- Contractor:McCownGordon Construction, LLC
- Consultants:Lankford + associates, MEP Engineer
- Design Office:Rees Masilionis Turley Architecture
- City:Kansas City
- Country:United States
Text description provided by the architects. The design team at RMTA was challenged with creating a unique, collaborative space for a newly forged entity within Fortune 500 company Sprint Corporation, breaking the rules of traditional corporate culture and branding. The new organization, Sprint Accelerator, was to become a beacon for technology and entrepreneurship in the Midwest region, bringing 10 start-up companies each year from around the world into Kansas City for three months of intensive work, where they would incubate their ideas, bringing mobile software and application innovation to the healthcare industry. Engineering talent, executive mentors and other resources would be co-located within the space, to ensure the start-ups have an “unfair” advantage against the rest of the industry. At the conclusion of the three-month program, the start-up companies would have the opportunity to pitch their concepts to a number of established companies for the chance to receive both financial and professional backing. Understanding these needs, the design team concluded that the space needed to echo what this new entity represented – creativity, innovation, diversity and first to market.
The design team focused on maintaining the original structure, paying tribute to the century-old building in the Crossroads Arts District of downtown Kansas City, originally built as an ice house in 1903, in an updated and modern way. Exposed brick, wood timber columns, wood beam ceilings and original hardwood floors all contributed to the industrial loft look and feel of the new space. Stud framing was left exposed and connects to the ceiling where original inverted truss and wood beam are exposed alongside conduit and ductwork. Because of the heaviness and height of the space, polygal was used to divide areas throughout, allowing natural daylight to filter throughout the 12,000-square-foot co-working space. Stud framing can be seen within the polygal dividing walls as well, continuing the industrial theme of structural exposure. Structural brick columns were unwrapped from gypsum sleeves from a previous remodel, and heavy timber columns were added to match the original industrial feel of building. Original hardwood floors were refinished and left intact in the entryway, and modern hexagon carpet tiles in varying shades of grey were used throughout the rest of the space, with darker colors anchoring corners and gradations acting as a subtle wayfinding mechanism. Cantilevered soffits were brought down and built to anchor pitch areas, providing definition to a main meeting area within the co-working space. Strips of polygal are used in the cantilevered soffits, acting as a continuation of the 6’ windows lining the back wall behind the pitch areas, directing daylight through the partially enclosed space.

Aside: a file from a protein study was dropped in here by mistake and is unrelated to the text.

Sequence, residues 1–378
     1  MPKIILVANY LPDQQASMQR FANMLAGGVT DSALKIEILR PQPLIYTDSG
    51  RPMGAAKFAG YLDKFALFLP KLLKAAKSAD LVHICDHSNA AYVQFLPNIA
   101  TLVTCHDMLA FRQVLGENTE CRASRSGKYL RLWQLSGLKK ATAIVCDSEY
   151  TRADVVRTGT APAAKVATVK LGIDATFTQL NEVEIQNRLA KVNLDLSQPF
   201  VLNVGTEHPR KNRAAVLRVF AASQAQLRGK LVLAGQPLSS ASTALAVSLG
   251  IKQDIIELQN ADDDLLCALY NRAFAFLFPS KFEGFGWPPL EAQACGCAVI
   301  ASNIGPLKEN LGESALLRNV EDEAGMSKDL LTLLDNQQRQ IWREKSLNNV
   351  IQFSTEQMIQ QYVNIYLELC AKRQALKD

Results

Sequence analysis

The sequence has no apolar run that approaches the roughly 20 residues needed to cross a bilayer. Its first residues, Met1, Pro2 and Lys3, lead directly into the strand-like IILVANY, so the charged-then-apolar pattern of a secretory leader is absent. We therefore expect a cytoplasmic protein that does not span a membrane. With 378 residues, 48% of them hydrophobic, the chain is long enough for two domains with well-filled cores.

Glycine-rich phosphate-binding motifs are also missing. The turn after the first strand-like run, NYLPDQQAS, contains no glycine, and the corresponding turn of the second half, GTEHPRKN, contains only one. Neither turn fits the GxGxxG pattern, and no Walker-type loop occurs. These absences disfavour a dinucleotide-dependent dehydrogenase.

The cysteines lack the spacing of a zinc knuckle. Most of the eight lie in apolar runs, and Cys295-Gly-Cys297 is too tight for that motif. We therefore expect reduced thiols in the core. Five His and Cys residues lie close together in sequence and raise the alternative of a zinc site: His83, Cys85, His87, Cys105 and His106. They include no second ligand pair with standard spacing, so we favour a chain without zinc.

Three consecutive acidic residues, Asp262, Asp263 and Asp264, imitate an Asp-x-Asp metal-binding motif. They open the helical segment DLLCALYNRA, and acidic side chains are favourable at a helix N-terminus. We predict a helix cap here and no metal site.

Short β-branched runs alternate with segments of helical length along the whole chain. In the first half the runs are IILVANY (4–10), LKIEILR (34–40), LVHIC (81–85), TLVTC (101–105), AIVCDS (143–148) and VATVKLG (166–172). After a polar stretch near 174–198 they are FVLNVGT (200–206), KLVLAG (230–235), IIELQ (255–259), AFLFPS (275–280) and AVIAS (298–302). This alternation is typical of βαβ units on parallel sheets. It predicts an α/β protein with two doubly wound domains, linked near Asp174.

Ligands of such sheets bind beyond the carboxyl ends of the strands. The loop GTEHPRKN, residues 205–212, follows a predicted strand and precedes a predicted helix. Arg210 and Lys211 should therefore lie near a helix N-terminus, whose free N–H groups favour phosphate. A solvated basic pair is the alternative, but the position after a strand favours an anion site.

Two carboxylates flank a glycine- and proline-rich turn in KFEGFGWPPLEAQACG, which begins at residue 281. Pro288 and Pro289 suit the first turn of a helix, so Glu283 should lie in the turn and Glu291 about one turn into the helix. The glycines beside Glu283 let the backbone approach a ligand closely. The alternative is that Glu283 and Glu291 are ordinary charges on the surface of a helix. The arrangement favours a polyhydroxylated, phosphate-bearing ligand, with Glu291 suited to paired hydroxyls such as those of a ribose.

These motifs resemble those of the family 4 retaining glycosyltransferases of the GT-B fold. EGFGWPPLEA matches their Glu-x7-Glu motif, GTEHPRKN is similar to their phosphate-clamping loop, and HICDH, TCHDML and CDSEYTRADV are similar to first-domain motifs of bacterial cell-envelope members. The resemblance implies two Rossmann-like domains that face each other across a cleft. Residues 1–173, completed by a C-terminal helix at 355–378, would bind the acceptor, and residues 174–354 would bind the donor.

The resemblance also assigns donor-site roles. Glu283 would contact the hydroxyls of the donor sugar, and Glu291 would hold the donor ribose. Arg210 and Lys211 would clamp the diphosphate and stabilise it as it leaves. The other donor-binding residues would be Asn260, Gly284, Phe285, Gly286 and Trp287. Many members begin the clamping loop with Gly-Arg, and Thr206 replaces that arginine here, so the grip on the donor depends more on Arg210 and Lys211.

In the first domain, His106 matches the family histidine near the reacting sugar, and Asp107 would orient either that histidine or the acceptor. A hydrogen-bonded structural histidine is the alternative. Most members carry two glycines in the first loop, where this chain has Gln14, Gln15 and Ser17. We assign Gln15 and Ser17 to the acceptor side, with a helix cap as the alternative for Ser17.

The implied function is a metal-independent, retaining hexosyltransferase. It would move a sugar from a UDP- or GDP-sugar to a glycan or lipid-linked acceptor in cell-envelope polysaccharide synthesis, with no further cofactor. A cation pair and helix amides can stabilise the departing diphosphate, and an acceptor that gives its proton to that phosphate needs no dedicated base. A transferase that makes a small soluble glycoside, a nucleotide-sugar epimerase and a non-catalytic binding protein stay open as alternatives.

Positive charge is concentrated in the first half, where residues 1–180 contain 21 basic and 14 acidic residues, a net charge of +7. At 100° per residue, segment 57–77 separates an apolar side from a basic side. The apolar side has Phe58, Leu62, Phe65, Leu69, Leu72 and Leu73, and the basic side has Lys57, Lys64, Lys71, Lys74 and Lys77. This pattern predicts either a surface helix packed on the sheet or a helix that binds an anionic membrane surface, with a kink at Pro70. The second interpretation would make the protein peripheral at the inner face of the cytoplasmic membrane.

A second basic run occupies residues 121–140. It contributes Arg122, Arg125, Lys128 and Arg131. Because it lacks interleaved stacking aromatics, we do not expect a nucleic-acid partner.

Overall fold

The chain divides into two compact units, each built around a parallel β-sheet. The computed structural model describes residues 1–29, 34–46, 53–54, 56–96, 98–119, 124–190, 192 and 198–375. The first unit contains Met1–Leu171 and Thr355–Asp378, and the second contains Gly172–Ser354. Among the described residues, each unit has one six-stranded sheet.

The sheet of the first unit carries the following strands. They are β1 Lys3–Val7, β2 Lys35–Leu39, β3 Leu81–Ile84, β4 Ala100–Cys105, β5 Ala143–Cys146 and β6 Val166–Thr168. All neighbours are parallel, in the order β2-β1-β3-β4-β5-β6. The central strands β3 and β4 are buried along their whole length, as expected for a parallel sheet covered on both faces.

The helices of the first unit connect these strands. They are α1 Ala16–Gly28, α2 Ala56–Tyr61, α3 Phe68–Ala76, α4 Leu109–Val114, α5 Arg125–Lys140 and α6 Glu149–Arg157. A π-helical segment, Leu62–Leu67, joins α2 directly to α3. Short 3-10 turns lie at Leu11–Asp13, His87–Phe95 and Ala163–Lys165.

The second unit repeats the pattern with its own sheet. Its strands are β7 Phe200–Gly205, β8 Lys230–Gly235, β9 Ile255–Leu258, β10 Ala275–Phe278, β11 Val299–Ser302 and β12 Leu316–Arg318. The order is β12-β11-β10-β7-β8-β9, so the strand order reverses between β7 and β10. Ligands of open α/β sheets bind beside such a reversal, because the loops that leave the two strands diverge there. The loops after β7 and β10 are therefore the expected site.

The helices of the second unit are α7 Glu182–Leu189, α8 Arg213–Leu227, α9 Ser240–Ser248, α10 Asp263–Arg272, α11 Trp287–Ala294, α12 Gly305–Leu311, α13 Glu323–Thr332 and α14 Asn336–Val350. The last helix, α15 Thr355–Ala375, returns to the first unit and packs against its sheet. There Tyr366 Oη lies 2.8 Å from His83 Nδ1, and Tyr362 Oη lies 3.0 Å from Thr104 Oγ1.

Traditional use of corporate branding identity was set aside as unique elements that would provide subtle references to the Sprint brand were creatively worked in, allowing room for a new subculture to be developed. In the large pitch area, the Sprint logo was worked into yellow painted drywall returns, spanning a section of wall and working up into the cantilevered soffit, exposing the original brick structure behind. As a nod to the history of telecommunications, an original early 20th Century telephone booth was painted bright, Sprint yellow and modified with data ports and USB connections, serving as both fun pop-up art and functional space.
Thinking about the time individuals and collaborators would be spending in the space, 40 or more straight hours, the design team focused on providing the right balance of collaboration areas, spaces for privacy and amenities, with a goal of creating an overall space where people wanted to be. Nearly every surface, from walls to countertops to tabletops, acts as a dry-erase board and is writable, so any idea that pops up into an end-users mind can be quickly jotted down. A “confessional room” was added where collaborators can go behind closed doors for some quiet time or to pour their hearts out to a video camera. A full shuffleboard, beer taps, foosball tables, ping-pong tables and lounge areas with ergonomic chairs and giant beanbag chairs also fill the space. Multiple conference rooms, pitch areas and offices were added as well. “We wanted to make sure the space inspired and promoted interaction,” project manager and RMTA architect Matt Murphy said.
“The Techstars guys — who I would say are authorities on co-working and collaborative spaces — said this is a world-class facility and the best co-working accelerator they’ve ever seen,” said Kevin McGinnis, vice president of Pinsight Media+ and the Sprint Developer program, according to a recent Kansas City Business Journal article.